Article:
In advertising technology, we’re prone to using comparative language to explain a product or service to another product or service in popular use, because the product development, technologies and uses in this industry are typically greenfield. In other words, they’re not just improvements on ideas they’re typically completely new. For instance, a person may describe Instagram as Twitter with pictures instead of text. Or, one might compare an advertising exchange to the stock exchange – who may then need to compare a stock exchange to a cattle auction with detailed spec sheets on each bovine, depending on the audience.
“Analogies prove nothing that is true.”
We learned in grade school, that this process of comparison is called an analogy. Analogies can be defined as the comparison of two things to highlight some point of similarity so that understanding of the one being defined is more easily attainable. This, however, doesn’t make them necessarily true. Sigmund Freud said, “Analogies prove nothing that is true.” Freud is a genius. While comparison certainly allows the listener to more easily grasp a concept that does not necessitate actuality, or truth as Freud put it, to the genuine likeness of said comparative subjects.
There are multiple speakers, companies and Powerpoint decks chock full of language comparing location to the cookie. Desktop display blazed the behavioral data trail well before anyone believed that smartphones would one day overtake desk/laptops as the main access point to the internet. Therefore, great mental capital was expended on explaining how internet cookies (a piece of text a web server can store on a user’s hard disk) allow advertisers to understand online behavioral patterns, thusly, what type of person/profile is running the machine. Furthermore, there was even greater energy expelled on dissuading brands from utilizing content or context to make online ad buys because cookie (behavioral) technology was a better determinant of audience.
Success! Many companies began to buy advertising this way and the behavioral targeting industry was born. Then, along came mobile. Cookies don’t really work for mobile advertising for a litany of reasons in which this post need not delve. Instead, let’s focus on what does work in mobile really well – location. Given that just about everyone with a smartphone takes it with them everywhere they go, the signals given off by their GPS tell a story about that person. With that in mind (and using Freud’s analogy to truth principle as a backdrop) there may be another more apt analogy to use that accurately describes what location does for advertisers. That is, “location is the new con…” Pick your con, be it ‘text or ‘tent. Just, don’t call it the new cookie.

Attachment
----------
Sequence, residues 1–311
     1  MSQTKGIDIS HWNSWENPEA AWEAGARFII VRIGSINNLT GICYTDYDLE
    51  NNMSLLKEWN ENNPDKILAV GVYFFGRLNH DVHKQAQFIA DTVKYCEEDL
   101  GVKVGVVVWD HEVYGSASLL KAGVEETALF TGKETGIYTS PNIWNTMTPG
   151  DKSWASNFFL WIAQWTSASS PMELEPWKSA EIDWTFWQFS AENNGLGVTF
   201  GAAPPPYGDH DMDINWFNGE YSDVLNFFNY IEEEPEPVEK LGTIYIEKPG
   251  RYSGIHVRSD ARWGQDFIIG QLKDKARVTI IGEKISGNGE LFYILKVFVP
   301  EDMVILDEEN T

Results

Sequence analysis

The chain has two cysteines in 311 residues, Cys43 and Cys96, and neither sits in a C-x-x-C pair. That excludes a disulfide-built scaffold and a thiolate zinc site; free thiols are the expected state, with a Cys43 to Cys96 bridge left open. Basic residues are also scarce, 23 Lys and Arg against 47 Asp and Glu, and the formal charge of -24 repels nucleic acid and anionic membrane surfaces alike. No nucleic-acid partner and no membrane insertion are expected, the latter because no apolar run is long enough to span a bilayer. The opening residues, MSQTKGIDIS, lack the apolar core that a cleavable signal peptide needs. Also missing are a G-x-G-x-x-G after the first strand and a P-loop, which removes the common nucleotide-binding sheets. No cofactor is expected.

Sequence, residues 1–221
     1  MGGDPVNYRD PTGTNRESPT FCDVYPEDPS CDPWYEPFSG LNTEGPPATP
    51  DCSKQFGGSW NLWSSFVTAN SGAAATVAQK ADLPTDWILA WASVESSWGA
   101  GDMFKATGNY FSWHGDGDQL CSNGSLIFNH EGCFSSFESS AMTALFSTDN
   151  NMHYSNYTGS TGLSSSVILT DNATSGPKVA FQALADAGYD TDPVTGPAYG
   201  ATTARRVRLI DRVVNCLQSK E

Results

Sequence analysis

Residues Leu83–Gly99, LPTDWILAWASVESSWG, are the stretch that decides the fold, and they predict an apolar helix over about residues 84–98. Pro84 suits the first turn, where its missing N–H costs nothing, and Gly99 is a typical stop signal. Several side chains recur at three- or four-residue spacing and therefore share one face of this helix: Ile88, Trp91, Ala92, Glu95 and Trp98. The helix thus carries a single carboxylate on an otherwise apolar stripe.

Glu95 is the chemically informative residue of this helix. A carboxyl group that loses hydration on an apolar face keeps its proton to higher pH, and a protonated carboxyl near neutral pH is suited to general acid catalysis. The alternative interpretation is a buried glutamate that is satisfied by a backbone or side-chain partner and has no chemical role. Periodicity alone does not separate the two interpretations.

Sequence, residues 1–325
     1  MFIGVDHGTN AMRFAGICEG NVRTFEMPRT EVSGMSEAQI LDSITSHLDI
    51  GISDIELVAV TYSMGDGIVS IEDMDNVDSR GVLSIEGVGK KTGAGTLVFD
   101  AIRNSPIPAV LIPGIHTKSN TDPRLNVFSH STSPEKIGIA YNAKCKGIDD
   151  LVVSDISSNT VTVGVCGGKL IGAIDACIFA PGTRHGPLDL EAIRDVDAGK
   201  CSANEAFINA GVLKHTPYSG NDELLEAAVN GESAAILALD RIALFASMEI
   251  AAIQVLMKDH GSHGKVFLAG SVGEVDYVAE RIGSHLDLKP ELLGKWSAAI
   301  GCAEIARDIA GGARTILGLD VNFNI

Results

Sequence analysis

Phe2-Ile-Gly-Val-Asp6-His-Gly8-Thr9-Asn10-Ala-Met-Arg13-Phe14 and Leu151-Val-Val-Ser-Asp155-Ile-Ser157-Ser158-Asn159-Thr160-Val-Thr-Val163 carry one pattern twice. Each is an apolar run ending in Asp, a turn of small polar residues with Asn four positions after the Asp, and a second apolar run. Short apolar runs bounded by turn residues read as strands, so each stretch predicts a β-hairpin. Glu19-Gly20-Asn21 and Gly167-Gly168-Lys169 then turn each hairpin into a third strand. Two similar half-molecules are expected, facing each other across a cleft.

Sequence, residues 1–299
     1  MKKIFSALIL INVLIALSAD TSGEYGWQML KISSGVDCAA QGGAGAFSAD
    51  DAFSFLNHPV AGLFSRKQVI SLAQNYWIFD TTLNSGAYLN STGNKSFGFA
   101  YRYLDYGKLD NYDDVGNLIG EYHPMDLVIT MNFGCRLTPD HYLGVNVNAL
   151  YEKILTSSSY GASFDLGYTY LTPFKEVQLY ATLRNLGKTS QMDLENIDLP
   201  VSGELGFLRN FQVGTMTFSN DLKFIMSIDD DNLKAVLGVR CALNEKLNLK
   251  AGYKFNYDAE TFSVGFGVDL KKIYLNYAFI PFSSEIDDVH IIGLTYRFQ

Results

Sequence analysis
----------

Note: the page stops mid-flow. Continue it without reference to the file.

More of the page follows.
Location allows us to intermingle understanding of the physical world and visitation patterns to define interest and intent. This is extremely powerful. As my cohort, Dan Silver, suggested, building location based audience is a cocktail of a multitude of inputs. Unlike the cookie, location takes into account real-world behavioral data that can be verified through location verification. Location also integrates 3rd party data associated with a given location for even greater understanding. Plus, phones are rarely shared, so reaching the intender is all but guaranteed when serving an ad. Lastly, there is a much higher barrier to entry to going someplace, so luxury item targeting is more precise than with cookies. Cut to scene of teenager clicking on Porsche ads. These truths, along with the fact that mobile advertising can be proven to understand ad influence through visitation study, makes for a much more robust picture of an audience and advertising impact than can be delineated via the cookie.
So the next time you’re in a room full of advertisers asking about location technology and how it works tell them, “It’s the new con…” A combination of the content associated with the visitation data surrounding that discrete latitude/longitude, plus the context of what the events, businesses, and/or homes are comprised of in that location. Hopefully, you’ll be able to help them understand the truth about location targeting more accurately through that analogy.